The mountaintop still beckons.
Len Mattiace won’t give up the long, hard climb to return to those magnificent vistas that both exhilarate and haunt him.
At 45, time may be running out in his quest to return to golf’s high ground, but his determination and drive haven’t waned.
Twenty years after he first earned his PGA Tour card at Q-School, he’s back at the final stage. He’s back looking to be among the final group of men who get to say they advanced straight from this event to the PGA Tour in the last Q-School staging as we’ve come to know it. He’s hopeful his comeback from a devastating pair of knee injuries will quicken with a successful pass through PGA West.
“The guy’s intangibles, the perseverance and determination, are just unbelievable,” says Michael Hunt, Mattiace’s swing coach for the last dozen years. “I think a lot of guys in Len’s situation would have stopped, would have said, `OK, that’s it, I’m done,’ and would have retired. That’s never been a thought with Lenny. His goal isn’t just to get back on Tour, but to be a threat out there.”
Mattiace’s 4-under-par 68 at Q-School Friday kept him in the mix for a chance to return to the Tour next year. He is tied for 66th with three more days to move within the top 25 and claim fully exempt status in 2013.
Mattiace hasn’t played the PGA Tour full time since 2006, and he hasn’t been in his best form since the end of 2003, since he crashed while skiing on a mountain slope in Vail, Colo., and blew out both of his knees.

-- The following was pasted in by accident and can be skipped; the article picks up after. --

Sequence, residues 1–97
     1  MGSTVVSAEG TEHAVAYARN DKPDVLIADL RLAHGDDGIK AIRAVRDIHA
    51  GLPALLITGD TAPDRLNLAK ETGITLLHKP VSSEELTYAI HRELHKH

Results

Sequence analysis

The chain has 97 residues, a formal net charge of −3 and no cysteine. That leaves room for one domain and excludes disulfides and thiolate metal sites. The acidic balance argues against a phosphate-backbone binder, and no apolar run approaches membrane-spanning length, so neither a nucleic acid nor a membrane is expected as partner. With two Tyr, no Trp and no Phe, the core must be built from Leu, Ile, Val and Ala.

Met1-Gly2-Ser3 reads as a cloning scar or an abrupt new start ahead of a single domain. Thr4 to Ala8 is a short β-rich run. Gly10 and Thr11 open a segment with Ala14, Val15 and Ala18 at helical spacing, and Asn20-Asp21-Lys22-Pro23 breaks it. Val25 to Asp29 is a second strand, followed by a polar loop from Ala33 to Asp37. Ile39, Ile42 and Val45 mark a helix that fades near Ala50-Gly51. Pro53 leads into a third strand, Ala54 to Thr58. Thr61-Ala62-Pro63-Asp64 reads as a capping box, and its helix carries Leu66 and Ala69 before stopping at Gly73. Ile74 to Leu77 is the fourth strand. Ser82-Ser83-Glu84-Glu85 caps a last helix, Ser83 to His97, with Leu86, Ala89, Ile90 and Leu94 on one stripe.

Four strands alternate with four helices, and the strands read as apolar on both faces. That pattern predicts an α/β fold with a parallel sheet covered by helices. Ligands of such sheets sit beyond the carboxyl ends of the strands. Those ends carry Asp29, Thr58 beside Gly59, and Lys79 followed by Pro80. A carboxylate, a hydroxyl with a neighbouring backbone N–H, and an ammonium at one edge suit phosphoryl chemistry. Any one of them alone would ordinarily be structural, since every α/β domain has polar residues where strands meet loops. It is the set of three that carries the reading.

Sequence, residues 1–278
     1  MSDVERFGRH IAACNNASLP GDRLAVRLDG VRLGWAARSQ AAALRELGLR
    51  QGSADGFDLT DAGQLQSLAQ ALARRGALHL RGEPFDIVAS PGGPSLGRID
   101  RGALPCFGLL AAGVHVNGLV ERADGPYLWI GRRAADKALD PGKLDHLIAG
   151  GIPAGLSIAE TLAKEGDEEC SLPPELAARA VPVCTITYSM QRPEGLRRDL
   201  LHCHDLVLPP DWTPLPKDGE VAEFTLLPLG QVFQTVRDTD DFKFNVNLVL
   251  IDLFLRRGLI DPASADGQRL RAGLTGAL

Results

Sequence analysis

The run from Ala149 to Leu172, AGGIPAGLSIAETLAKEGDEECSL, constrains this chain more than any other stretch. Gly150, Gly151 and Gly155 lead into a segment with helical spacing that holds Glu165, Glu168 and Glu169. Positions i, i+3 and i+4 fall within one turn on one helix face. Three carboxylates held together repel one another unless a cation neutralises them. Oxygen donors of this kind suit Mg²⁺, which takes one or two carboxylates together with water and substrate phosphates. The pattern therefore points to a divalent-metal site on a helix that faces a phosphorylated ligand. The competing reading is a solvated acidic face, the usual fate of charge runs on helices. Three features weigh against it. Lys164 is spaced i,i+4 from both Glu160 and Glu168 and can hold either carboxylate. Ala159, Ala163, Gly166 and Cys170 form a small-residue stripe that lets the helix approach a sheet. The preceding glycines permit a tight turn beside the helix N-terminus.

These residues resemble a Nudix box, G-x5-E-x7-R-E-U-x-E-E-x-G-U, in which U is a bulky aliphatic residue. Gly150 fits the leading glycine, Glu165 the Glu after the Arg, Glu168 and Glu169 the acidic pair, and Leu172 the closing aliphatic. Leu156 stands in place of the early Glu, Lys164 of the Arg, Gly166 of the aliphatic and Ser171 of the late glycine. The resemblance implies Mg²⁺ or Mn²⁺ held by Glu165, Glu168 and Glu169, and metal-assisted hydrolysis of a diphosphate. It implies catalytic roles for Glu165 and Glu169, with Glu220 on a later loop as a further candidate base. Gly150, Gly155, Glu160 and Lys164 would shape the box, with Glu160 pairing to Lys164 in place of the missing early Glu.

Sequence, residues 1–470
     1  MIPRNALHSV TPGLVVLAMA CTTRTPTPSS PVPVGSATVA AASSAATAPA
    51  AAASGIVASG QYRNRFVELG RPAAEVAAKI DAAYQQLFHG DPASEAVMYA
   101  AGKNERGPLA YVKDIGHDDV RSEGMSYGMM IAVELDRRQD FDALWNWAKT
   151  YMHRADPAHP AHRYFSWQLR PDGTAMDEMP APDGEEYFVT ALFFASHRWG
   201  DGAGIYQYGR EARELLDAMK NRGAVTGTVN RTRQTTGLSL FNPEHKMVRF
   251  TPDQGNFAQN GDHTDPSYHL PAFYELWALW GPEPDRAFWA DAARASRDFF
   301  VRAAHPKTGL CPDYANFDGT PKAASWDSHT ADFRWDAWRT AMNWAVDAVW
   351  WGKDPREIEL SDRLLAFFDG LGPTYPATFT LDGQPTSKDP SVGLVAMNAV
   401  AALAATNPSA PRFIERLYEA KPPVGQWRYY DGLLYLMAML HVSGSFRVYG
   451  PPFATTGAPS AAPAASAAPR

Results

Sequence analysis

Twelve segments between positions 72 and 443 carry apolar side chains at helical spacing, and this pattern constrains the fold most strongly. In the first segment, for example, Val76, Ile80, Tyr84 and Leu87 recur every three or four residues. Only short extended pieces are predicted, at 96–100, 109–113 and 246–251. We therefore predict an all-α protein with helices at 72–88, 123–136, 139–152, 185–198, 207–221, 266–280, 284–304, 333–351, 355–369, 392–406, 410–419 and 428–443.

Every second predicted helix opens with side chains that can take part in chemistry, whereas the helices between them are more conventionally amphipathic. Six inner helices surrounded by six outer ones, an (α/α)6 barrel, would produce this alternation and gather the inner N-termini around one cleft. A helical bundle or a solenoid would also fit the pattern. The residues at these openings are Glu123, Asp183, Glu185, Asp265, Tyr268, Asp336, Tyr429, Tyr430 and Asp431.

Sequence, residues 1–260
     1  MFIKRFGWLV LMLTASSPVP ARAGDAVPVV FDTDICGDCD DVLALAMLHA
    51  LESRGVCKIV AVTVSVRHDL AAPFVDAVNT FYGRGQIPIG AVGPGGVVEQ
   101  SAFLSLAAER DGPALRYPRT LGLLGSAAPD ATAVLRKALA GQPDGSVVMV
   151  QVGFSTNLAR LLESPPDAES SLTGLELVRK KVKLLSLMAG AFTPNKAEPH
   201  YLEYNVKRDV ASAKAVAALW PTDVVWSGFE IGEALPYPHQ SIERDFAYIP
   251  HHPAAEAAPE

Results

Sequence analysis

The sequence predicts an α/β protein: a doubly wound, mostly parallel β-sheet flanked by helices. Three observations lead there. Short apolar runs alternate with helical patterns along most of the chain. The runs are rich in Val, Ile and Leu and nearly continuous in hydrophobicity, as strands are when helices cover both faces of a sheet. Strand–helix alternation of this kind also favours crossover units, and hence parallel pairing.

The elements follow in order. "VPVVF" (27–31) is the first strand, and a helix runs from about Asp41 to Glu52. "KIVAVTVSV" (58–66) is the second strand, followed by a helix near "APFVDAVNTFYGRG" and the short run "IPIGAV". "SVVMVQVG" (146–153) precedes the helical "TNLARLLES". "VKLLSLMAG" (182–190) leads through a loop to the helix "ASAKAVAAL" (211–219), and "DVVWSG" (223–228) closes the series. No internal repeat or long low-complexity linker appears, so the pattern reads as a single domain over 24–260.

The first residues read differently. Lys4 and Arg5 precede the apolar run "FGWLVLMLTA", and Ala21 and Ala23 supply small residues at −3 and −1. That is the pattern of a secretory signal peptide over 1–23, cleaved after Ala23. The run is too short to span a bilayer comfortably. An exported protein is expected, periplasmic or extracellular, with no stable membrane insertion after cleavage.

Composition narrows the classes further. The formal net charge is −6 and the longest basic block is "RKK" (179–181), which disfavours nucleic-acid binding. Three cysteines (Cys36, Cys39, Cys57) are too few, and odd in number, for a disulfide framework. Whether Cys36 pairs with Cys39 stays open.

“That was devastating, to have knee injuries like that,” Mattiace said. “It took me off the golf map, but I feel great now. I feel really strong where I’m physically in a good position. I’m looking forward to meeting the challenges ahead.”
Mountaintops literally and figuratively define Mattiace’s career.
He hiked some impressive peaks in the game, and he crashed from some of them, too.
Twice Mattiace won PGA Tour events, claiming the Nissan Open and the FedEx St. Jude’s Classic in 2002.
He would climb as high as 25th in the Official World Golf Rankings.
He looked like he was going to reach one of the game’s most impressive heights when he made a run at winning The Masters in the spring of 2003, shooting a terrific 65 in the final round to force a playoff with Mike Weir, only to lose after hooking a 6-iron behind a tree at the first hole of sudden death. The loss brought him to tears afterward as he spoke to reporters.
Back in 1998, Mattiace scaled to another grand height at The Players Championship in his hometown of Ponte Vedra Beach, Fla. It’s a special place to him having grown up just a two-minute drive from the TPC Sawgrass Stadium Course. On that Sunday of that year, he looked like he was going to write a storybook finish when he stepped to the 17th tee one shot behind Justin Leonard, but his dream turned nightmarish. He hit a 9-iron in the water at the infamous island hole, and he would hit another in the water from the greenside bunker, stumbling away with a quintuple-bogey 8.
The loss was as emotional as the folks at TPC Sawgrass have ever seen.